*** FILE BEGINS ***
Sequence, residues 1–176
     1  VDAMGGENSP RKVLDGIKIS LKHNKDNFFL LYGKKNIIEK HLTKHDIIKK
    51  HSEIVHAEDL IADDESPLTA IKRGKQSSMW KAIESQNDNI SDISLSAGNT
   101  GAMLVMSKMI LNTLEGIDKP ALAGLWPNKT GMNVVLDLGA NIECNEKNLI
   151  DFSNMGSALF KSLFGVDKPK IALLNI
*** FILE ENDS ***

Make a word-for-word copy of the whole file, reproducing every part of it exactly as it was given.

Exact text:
Sequence, residues 1–176
     1  VDAMGGENSP RKVLDGIKIS LKHNKDNFFL LYGKKNIIEK HLTKHDIIKK
    51  HSEIVHAEDL IADDESPLTA IKRGKQSSMW KAIESQNDNI SDISLSAGNT
   101  GAMLVMSKMI LNTLEGIDKP ALAGLWPNKT GMNVVLDLGA NIECNEKNLI
   151  DFSNMGSALF KSLFGVDKPK IALLNI